When I was told that I was cancer-free and that I could go off my endocrine therapy. I knew enough to know that there were rumors out there that maybe we should stay on 10 years. But at that point, the study hadn't been fully published. So I went off and celebrated. Two years later, my normal mammogram that I go to every October, they saw something suspicious. And, of course, "Oh, we don't think it's anything. We think it's scar tissue, but you need the ultrasound." So I went through the ultrasound, the biopsy, recurrence of breast cancer. Everybody said, “How could this happen?” You know, with all of that. A couple of the researchers and Komen scholars that I knew said, “You know, you, you probably should get a PET scan or at least an MRI. And my oncologist said, “No, no, no.”     

So I should have listened to my gut. If there's one lesson, trust yourself. So I had the mastectomy, and then there were some questions about some of the path reports, and they decided they wanted to take it to the big tumor board. And at that point, I found my voice and said, “I want a PET scan.” They kept saying, “No, no, you're just going to get false positives.” Had the PET scan, two things lit up. They said, “Now we have to do a biopsy. We still don't think it's anything. This is why we don't like PET scans.” And they were near my lungs. So I was put to sleep or twilighted. I was in recovery, and I saw the radiation oncologist, and my oncologist walking in the door at 6 o'clock at night together. And I looked at my husband and said, “This is not going to be a good result.”

And as expected, they said, “Stage IV metastatic breast cancer.” And again, all of your blood just drains. And the first thing is, “How am I going to tell my children?” And the second thing is, “What is the prognosis?” And so that was my first question. Okay. I work at Komen. I know what metastatic breast cancer is. I know all of this, what is my prognosis with two lymph nodes that are metastatic? And then you start thinking, “Okay, what's the plan? What's next? How am I going to talk about this?” Mostly with my children.

Andrea Hutton:

Absolutely. When I was diagnosed, I had children to tell as well. They were in high school, and one of the first questions we ask is, “What is this going to mean for my family? How am I going to tell my kids?” Lynda, you as well started early stage 0, right? And with Dr. Gralow at the beginning, and then—what was that like for you this whole process from beginning to now?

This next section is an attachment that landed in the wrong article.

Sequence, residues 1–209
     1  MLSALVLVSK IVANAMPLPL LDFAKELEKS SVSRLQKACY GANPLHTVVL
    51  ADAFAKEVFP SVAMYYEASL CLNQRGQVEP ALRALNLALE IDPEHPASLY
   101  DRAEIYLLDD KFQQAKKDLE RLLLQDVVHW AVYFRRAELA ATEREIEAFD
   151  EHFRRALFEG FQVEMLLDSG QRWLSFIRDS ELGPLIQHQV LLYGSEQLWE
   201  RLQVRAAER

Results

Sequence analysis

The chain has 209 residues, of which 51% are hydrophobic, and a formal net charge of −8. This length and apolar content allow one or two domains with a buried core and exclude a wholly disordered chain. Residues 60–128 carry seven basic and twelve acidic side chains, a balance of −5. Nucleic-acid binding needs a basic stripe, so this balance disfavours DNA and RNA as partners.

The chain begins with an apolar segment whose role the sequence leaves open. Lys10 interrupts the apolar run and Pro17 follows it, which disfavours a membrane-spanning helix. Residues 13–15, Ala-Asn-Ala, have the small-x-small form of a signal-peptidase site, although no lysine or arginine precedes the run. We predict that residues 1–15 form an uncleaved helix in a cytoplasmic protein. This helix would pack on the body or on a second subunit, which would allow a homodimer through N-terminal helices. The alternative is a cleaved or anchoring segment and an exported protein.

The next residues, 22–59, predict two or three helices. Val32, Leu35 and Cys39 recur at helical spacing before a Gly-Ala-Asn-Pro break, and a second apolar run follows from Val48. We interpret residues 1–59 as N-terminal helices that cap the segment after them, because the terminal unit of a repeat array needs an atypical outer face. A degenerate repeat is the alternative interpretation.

Lynda Weatherby:

To boil it down, it was a long, complicated series of events. I kind of call it a metastatic cascade because long before I was diagnosed, there were some signs along the way that I should have paid attention. In my case, I was the stage 0 DCIS in 2001. And Julie was my second opinion at that point. And because I liked her so much, I did all my follow-up care after that initial decision tree of what to do at early stage, I ended up having a bilateral mastectomy. And then I followed with Julie's help I was followed for five years in the oncology clinic and graduated and celebrated and really put it behind me.

When my 6-year-old was graduating from high school. So that was 12 years later. That was when I was diagnosed with MBC, and it was probably a year leading up to that diagnosis that I was having signs, but I did not understand. I should've called Julie's office a lot sooner than I did.

Andrea Hutton:

You know, it's so interesting that you're taking that on, but Dr. Gralow, I mean, that must happen often where patients have something that's bothering them, and they come to you and now looking back, “Oh, I should have known.” But how could patients possibly know? I mean, how do you handle that when someone you saw 10 years ago or 5 years ago now comes back to you with this?

Dr. Gralow:

That's a great question. And it's a struggle regularly because, you know, as we age, and hopefully we all get the privilege of aging, we get aches and pains and other things happen. And so sorting out what might be cancer-related and what's not is hard. And all of our recommendations for follow-up, we've got Pam, a stage I, Lynda, stage 0, meaning it's not even invasive. At least it must've been somewhere, but we didn't see it. You know, all of our recommendations would be not to do blood work, not to do scans, to just listen to symptoms and do a breast exam, in case it comes in the breast. We don't have any proof from trials that doing more intensive follow-up and detecting metastatic disease earlier, prolongs how long you live. And that is tough.       

And then sorting out those symptoms and frequently we say, “Well, let's see if it goes away in a little bit of time.” And then what's the trigger for getting a bone scan or a PET scan? It's something every week that I'm dealing with. And the good news is it's mostly not cancer, but the bad news is it's cancer often enough that it makes us all uncomfortable until we see the results.       

And I've definitely had some patients where we did the scans, and they were negative, and yet it still was cancer. It was just too early to be able to see it. And that's a tough one too. So I think, listening to the patient who knows themselves best, they know the symptoms, they know what's normal and what's not. Not just doing a one-time assessment, but saying, “Okay, if this doesn't go away, we're going to need to investigate it further.” And that's how we have to manage this. And so I would just say good communication and open lines of communication and frequent communication are probably the keys here.